Draft Code of Ethics posted
Proposed SEM Standards (Part 1)
As promised, I offer the following several posts to the SEM community as proposed draft Code of Ethics, Standards, and Guidelines.
First, a primer on how these 3 things fit together:
Code Of Ethics
A Code of Ethics is a general statement of common principles and ideals. They are usually not intended to deal with specific issues, but rather outline an overall approach and philosophy.
In law, this would be the equivalent of a constitution. It should rarely, if ever, change.
Example: SEO's shall avoid deceptive marketing practices.
This is fine as a philosophy, but of course it's not terribly clear what "deceptive" is in all cases. Sure, this would deal with directly and fraudulently lying to people, but what about something like IP delivery or cloaking, where there could be arguments as to whether they are deceptive or not?
Standards are generally accepted and codified rules that are created to provide structure and guidance to a Code of Ethics. These can include definitions, best practices and so forth, but are generally at a high level.
Standards can change with the times, but should generally be written in such a way that such changes should be minimal. The idea here is to stabilize things and to give people something they can rely on.
Continuing with the legal analogy, if a Code of Ethics is like a Constitution, then Industry Standards are like laws or statutes.
Example: Avoid IP delivery methods that present substantially different information to search engines from what a human visitor would experience.
This is more helpful than "avoid deceptive marketing practices". It answers most of my questions and is the one-liner to take back to my client or boss. This would deal with 90% of the questions.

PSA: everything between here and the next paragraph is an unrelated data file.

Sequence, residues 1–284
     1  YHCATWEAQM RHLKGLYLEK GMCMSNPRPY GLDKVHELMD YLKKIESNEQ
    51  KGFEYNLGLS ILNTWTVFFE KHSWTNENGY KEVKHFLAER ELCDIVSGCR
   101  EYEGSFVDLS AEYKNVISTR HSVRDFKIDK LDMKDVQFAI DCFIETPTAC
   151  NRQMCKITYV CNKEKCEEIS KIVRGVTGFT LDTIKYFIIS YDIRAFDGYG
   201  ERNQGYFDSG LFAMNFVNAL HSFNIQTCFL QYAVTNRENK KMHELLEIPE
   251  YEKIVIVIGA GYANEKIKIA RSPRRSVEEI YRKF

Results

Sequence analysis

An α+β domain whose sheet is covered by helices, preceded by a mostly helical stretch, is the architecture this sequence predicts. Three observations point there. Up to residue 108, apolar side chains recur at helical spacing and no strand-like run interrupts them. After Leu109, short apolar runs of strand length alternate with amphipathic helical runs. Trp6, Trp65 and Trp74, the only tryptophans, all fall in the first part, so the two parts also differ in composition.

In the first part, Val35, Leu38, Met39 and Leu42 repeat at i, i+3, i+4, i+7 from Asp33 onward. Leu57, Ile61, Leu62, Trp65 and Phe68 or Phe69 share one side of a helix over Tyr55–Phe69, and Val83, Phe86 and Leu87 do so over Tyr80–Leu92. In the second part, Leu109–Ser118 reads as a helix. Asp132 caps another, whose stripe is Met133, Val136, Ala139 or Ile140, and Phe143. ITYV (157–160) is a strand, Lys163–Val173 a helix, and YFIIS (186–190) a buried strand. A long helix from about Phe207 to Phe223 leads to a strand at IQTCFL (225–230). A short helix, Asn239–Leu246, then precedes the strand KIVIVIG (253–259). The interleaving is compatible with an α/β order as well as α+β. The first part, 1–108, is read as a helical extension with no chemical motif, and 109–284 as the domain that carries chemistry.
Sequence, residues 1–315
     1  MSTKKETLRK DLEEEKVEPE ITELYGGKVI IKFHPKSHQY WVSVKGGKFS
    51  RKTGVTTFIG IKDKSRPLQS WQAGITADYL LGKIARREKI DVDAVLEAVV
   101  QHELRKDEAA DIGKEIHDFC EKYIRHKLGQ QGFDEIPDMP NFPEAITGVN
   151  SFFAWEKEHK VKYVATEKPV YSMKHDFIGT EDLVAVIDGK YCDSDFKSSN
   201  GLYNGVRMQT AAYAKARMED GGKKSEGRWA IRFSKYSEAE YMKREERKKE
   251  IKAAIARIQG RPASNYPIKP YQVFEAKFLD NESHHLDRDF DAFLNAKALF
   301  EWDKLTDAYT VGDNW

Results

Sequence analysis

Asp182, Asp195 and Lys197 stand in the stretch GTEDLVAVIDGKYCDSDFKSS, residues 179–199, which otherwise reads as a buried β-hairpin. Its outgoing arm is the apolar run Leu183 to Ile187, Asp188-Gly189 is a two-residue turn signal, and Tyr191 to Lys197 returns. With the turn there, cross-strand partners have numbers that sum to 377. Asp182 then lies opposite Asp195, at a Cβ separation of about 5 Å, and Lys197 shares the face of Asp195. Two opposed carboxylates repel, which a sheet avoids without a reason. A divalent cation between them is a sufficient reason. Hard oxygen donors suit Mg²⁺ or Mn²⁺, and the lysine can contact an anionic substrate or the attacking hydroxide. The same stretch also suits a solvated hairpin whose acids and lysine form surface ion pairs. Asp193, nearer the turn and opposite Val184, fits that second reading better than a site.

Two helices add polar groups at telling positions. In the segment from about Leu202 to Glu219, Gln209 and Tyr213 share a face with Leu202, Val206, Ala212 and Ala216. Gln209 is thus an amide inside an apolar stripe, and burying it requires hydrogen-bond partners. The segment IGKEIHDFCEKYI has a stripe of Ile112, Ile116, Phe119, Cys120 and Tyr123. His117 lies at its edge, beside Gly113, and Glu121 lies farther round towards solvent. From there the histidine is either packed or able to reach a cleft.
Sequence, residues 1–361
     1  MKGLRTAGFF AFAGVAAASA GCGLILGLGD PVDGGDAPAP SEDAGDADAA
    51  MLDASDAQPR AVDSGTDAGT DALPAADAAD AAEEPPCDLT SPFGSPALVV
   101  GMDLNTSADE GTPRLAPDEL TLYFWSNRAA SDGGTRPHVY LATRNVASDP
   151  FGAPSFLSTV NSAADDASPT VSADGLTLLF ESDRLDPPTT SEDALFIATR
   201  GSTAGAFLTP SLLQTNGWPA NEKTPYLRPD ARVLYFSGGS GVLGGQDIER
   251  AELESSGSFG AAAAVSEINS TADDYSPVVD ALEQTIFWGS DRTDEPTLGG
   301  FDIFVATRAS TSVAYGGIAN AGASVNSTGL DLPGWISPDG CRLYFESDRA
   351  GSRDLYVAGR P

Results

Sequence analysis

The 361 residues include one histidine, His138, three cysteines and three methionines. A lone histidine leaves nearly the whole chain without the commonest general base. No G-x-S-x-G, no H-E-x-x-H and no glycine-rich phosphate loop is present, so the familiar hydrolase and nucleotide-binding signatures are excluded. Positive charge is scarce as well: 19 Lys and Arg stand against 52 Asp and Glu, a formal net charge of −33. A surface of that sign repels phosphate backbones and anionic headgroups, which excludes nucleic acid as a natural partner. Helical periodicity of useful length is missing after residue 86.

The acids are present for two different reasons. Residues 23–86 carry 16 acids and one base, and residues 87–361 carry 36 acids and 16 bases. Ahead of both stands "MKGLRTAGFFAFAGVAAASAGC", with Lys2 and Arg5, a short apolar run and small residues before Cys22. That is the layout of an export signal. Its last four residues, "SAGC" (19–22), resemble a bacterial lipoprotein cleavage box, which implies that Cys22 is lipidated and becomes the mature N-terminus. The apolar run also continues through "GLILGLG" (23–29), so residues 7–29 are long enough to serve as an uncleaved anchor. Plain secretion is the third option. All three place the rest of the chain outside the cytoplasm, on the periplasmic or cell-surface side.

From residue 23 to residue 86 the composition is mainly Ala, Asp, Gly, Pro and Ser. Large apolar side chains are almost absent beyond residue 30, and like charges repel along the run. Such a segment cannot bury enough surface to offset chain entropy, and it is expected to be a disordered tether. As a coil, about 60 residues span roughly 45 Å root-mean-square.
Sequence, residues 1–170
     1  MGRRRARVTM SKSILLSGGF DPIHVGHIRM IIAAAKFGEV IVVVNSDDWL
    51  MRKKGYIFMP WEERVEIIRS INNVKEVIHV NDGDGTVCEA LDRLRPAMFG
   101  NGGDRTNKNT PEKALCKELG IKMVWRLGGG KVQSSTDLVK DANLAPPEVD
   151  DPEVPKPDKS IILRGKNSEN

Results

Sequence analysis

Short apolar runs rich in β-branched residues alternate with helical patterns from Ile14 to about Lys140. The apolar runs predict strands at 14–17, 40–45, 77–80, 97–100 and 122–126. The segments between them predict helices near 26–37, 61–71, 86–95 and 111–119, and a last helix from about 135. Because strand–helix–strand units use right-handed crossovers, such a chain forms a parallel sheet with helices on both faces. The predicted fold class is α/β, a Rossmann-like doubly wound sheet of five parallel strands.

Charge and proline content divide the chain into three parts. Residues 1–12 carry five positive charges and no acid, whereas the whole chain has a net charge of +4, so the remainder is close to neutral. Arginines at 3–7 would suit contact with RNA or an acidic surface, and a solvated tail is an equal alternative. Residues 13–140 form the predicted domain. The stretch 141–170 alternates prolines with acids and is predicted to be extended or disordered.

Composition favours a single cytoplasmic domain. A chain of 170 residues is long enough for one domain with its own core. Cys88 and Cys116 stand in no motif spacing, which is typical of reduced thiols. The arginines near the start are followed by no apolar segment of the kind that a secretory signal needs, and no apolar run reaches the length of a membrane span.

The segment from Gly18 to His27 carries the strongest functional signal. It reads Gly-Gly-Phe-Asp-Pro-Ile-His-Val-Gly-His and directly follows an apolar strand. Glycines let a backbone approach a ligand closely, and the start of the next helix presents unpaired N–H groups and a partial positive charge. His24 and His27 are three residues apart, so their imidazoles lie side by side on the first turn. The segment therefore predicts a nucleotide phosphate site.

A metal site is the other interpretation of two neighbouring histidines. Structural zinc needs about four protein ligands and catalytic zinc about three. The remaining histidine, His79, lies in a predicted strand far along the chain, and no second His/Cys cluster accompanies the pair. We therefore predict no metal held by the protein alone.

But what if I'm dealing with a technical issue that is more complex than this? I think I need more guidance, since I can think of a few examples where even this definition doesn't cut it. And what does "substantially" really mean, anyway? Well, now we look at Guidelines, which interpret the Standards.
The guidelines could be very large and detailed, and include information like alternatives to IP delivery, some example scenarios, or (worst case scenario) say something like "we don't know exactly what the result of doing X would be, as there is evidence that sometimes it works , and sometimes it doesn't. Proceed with caution."
Or, it could say: IP cloaking to go past verification pages is OK, but using it to go past paid login pages is frowned upon because it creates a poor user experience.
Perhaps a separate guideline would say that you can do this for paid pages if there is notification up front (before clicking on the result) that the page is paid.
Or it could actually be an entire forum thread with the whole community arguing their various points of view. That's OK. Some things are complicated, and often there are many ways to accomplish the goal.
Continuing with the legal analogy, if a Code of Ethics is like a Constitution, and Industry Standards are like laws or statutes, then Guidelines are Case Law: the individually tailored decisions of judges and juries based on messy and unique circumstances.
From my perspective, Ethics are easy, and standards could be set in a committee. It's the guidelines where all the fun happens. That's where the exceptions to the rules happen, where the weird situations get looked at, and so forth.
One of the big issues (and the source of most of the debate on this subject) is that many people think that proponents of standards are intending to put things that belong in guidelines into the standards or ethics. That would be a bad idea.
Debates like the proper use of nofollow, etc belong in the guidelines, because sometimes there is no clear, correct answer. Sometimes the best you can do is to make people aware that there is a controversy and what the issues and risks are. That's perfectly acceptable in a guideline, but not in a Code of Ethics or Industry Standards, which need to a reliable and clear to both SEM's and the public.
Once there ceases to be controversy over a guideline, it can be considered for promotion to a Standard. But it would not be unusual to have some guidelines never getting promoted. SEM's are a contentious, opinionated, independent bunch, and I expect our guidelines will probably reflect that.
At no point should the establishment of standards interfere with or prevent a professional from using their judgement or solving a problem. The standards and guidelines should exist to help and guide, not to hinder or hold back.
With all this in mind, and after reviewing the following (excellent) resources, I'll try to present some draft versions of all of this, hopefully to start a discussion and lend some structure to the debate.